The Supreme Court decision revoking the constitutional right to abortion could lead to a rise nationwide in domestic violence cases related to pregnancy.
Abusers have been known to try to interfere with their use of contraception or access to information or use coercive tactics to attempt to control the outcome of a pregnancy, which has been called “reproductive coercion.”
Lawmakers and judges are increasingly coming to treat reproductive coercion as a form of domestic violence, which can help victims who have access to legal help. A new law enacted in January 2022 in California added it to a list of statutory reasons why women can get a domestic violence order.
Here’s what you need to know:
1. What is reproductive coercion? Reproductive coercion is a broad term for abusively controlling access to contraception and abortion. It ranges from removing a condom without consent to using the threat of violence or control of the family finances to prevent a partner from getting an abortion.
2. What makes reproductive coercion different from run-of-the-mill arguments between couples over whether to have children or keep a pregnancy? There are always going to be disagreements between couples over how to handle issues like contraception or what to do when you face an unexpected pregnancy. The difference here is that a partner or spouse is looking to get their desired outcome — whether that’s going through with a pregnancy or not — by using intimidation, abuse, or coercion to get their way.
3. How will the Supreme Court’s decision to overturn Roe v. Wade affect reproductive coercion? Abortion law will now vary dramatically from state to state, and even among different regions of the country. If you are living in a state that bans abortion, you may now need to find the time and money to travel a long distance to a place where you can get one. For women who are facing reproductive coercion, it’s going to be vastly more difficult to do this quietly.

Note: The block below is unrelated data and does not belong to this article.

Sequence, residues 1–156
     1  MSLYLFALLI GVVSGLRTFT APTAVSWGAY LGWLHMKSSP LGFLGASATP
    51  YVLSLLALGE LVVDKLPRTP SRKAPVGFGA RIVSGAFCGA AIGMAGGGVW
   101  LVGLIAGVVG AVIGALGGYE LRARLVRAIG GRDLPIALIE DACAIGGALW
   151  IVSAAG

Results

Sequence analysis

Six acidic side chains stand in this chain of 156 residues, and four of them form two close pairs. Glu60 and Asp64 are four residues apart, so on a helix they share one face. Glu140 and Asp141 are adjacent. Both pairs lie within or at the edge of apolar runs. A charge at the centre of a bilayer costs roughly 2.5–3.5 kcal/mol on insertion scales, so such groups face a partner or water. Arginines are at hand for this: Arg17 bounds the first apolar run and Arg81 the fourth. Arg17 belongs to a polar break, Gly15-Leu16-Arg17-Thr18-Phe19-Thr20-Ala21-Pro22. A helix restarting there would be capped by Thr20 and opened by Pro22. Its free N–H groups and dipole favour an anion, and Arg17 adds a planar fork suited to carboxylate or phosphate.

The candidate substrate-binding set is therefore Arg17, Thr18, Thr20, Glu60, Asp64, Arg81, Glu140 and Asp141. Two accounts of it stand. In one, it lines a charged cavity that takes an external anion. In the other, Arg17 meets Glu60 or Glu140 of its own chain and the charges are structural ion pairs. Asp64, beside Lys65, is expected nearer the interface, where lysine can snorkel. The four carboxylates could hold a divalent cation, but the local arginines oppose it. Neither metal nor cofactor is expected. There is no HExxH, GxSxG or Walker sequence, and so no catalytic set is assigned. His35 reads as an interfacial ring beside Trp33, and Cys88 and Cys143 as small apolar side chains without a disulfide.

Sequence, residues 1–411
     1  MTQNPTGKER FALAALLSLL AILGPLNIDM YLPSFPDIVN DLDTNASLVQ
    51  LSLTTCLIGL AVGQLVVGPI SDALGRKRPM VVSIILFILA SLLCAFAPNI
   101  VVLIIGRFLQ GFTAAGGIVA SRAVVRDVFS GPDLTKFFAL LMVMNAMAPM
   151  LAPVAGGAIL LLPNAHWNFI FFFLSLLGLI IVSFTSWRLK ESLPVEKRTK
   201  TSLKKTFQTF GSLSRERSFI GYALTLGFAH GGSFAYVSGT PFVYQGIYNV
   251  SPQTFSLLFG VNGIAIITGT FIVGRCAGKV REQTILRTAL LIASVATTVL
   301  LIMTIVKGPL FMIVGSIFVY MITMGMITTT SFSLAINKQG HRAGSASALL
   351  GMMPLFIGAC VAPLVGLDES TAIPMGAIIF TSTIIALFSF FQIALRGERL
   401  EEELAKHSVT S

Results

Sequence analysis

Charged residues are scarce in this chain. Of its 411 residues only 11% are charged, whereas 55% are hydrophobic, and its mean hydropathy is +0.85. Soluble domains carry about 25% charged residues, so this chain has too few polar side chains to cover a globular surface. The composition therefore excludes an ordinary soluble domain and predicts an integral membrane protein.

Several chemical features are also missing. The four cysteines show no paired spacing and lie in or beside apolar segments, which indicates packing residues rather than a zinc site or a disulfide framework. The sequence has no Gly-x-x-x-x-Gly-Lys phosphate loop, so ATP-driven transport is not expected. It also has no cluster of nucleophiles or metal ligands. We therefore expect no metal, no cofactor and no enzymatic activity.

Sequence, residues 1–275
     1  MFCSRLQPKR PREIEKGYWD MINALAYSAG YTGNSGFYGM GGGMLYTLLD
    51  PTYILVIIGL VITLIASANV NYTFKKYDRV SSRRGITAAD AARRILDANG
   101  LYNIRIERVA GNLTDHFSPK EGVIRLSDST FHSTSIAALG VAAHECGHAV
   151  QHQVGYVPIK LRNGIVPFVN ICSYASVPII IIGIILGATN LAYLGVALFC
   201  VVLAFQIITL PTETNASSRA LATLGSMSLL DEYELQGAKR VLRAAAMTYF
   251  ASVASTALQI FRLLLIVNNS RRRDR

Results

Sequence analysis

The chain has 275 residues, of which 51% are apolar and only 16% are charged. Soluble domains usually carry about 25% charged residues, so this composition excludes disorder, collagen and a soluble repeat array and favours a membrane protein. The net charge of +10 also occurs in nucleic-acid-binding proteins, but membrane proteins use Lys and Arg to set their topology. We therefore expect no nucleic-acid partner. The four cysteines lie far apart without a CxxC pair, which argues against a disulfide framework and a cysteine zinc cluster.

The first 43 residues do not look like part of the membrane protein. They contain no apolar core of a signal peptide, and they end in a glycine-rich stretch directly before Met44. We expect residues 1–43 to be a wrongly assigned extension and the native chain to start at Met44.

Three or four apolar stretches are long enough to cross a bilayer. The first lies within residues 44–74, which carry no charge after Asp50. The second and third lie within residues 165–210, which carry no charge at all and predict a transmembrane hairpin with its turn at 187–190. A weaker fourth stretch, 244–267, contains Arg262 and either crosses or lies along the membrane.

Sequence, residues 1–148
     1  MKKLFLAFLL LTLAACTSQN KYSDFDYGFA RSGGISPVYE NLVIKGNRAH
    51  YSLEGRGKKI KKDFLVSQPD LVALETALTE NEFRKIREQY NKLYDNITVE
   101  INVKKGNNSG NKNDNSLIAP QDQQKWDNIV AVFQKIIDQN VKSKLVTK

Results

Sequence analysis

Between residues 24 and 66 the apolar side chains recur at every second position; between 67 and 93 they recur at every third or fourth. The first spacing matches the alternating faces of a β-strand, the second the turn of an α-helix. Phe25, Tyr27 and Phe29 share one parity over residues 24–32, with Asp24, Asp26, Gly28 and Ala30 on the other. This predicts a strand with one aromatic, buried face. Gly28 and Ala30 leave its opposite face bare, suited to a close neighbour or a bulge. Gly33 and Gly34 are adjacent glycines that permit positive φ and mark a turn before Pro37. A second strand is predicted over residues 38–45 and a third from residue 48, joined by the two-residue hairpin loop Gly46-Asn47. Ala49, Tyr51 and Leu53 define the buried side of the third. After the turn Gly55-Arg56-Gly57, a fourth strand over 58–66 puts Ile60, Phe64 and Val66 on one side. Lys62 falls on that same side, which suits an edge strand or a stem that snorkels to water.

4. What law was recently enacted in California that could help women who may be experiencing reproductive coercion? A new law makes it clear that women in California who are facing reproductive coercion can get a domestic violence order for protection. They don’t even have to be residents of California, which could make it even more of a safe haven for women from other states seeking an abortion here.
5. What evidence does a woman need to have to show she is a victim of reproductive coercion and get legal protection? The standards are the same as any other domestic violence order. Along with written statements and testimony, women may need to present photographs, text messages or medical records. If they have a police report from an incident, that can also help.
Control in a relationship over women’s reproductive rights is a form of domestic violence. New legislation in other states seeking to criminalize abortion will make it harder for women in these tough situations, who not only will not be able to get help but could face legal risk too.
Alphonse Provinziano is a Los Angeles-based family law attorney and founder of Provinziano & Associates where he focuses on high net worth divorces, family law, domestic violence, restraining orders, child custody disputes, child support, grandparents’ rights, and pre-nuptial agreements. He is sought after for his wealth of experience navigating high stakes divorces as well as his comprehensive knowledge of nuanced and complex financial matters. Provinziano sits on the Board of Governors for the Beverly Hills Board Association and is a board member for the Family Law Executive Committee of the California Lawyers Association. To learn more, visit: www.provinziano.com
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